Companies utilise a range of products and services to support and grow their business. At first glance, this might seem straight forward but each one will have specific features and characteristics. When resources are limited it is not always possible to have the time or expertise to be aware of them all.
This is the first in a series of insights into different products and services (Commodities), to help you understand them in a little more detail, to obtain good value for money and the level of quality you require.
- Obtain good data. You should have 12 months of historical itemised data. This should have the detail of each shipment, including the number of pallets, weight, destination, service level, and a breakdown of all costs
- Understand if you are using Euro or Standard UK pallets. They have different dimensions and can incur different rates
- Compare and contrast transit times especially to European destinations. Ensure they meet your requirements and that all suppliers are quoting the same.
- Make yourself aware of all potential surcharges and how to avoid them
- Can the supplier deliver to specific time slots and do they charge for any waiting time that they might incur?
- Determine if your product allows you to stack one pallet on top of another. This allows the supplier to carry more per load and should be reflected in the rates you incur
- Know the time when you need your freight to be collected by and make sure the supplier can provide this and still meet your service level requirements.
- Make sure that return shipments are provided at the same rate as outbound shipments. Some suppliers will charge extra for shipments back to your premises.
- Do you require a trailer to be left on-site for you to load and if so can the supplier provide this for you?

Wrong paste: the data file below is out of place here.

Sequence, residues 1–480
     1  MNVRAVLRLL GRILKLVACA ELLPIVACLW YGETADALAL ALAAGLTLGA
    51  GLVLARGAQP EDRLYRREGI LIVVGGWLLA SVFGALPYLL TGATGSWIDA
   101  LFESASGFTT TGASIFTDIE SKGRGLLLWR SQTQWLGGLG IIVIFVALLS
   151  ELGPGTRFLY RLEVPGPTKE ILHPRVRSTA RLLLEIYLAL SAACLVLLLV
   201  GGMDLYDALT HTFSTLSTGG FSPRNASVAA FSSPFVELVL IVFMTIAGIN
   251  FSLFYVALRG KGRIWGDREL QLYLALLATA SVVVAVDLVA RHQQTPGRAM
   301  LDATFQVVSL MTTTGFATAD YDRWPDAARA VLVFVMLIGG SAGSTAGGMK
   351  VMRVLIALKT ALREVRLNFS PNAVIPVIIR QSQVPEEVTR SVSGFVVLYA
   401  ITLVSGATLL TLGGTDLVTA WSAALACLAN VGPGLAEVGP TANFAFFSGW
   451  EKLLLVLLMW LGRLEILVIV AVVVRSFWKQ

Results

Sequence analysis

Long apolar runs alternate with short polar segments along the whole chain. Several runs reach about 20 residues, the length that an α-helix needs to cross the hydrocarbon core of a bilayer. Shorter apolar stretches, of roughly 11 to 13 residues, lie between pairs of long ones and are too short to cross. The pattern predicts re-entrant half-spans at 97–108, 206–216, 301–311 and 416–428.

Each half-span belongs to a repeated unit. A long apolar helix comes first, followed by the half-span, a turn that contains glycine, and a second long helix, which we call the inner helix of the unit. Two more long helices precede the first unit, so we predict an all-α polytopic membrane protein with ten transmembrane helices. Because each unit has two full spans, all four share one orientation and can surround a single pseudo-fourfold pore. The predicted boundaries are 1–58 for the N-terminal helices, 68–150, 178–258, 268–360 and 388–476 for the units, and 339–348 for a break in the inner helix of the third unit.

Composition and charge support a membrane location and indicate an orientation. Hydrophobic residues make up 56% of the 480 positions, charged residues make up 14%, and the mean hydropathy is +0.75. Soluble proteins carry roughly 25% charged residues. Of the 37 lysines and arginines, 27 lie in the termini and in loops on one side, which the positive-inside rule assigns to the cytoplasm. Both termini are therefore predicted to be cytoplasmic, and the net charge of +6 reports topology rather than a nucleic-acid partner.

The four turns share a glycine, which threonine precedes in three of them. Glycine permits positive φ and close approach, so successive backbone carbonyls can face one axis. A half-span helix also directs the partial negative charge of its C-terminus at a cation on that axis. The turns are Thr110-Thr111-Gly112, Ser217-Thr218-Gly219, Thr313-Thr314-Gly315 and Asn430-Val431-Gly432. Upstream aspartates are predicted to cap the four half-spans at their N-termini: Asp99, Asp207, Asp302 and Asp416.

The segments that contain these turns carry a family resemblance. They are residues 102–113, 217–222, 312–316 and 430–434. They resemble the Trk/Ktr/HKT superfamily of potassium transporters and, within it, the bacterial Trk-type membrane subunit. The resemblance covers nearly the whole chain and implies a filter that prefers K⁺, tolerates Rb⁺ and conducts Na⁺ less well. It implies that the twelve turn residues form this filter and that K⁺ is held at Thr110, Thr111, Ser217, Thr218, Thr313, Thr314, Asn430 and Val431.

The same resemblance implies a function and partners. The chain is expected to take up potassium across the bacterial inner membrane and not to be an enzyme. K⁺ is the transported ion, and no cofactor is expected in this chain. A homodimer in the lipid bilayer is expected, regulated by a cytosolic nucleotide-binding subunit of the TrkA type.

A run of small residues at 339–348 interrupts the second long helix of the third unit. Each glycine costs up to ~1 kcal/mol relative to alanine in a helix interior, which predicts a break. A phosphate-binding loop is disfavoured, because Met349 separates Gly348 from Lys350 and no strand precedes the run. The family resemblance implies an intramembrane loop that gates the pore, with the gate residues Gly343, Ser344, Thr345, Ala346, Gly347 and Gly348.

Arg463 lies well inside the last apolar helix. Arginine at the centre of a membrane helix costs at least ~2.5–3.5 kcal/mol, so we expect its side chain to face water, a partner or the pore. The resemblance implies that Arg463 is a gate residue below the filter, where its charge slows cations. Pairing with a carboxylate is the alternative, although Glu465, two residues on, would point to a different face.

- Are there any vehicle restrictions not only at your site but also at your customer’s location? Make sure the correct vehicle is used and delivery can take place.
- Insist that the rates take provide discounts for multi-pallet shipments to the same destination.
- Ask for details of the supplier’s contingency plans if they use the Channel Tunnel for European destinations. How will then ensure delivery if the Tunnel is closed?
- Are you going to be able to track your shipments and how quickly will you be able to access proof of delivery?
- Ensure the supplier provides the contact details for their customer services, including any out of hours.
- Be aware of the insurance cover that is part of the standard terms and conditions. Does the supplier provide the option to purchase extra cover?
- Please understand if you are going to require any computer hardware and if the supplier is going to provide it. In most cases, the management system is web-based but just make sure.
- Will the management system be able to provide the level of information and reports that you are going to require?
- Be clear in what you require in terms of service level. What criteria is going to be used and how it is going to be measured? Obtain written confirmation the supplier can meet your requirements and agree on a compensation package should they fail to achieve it.
- Obtain details of your supplier’s internal structure together with an agreed escalation procedure to ensure any problems are resolved quickly and effectively.
While this has covered the usual points, every company’s requirements are different so while we hope these prove to be helpful it’s obviously not possible to cover all contingencies.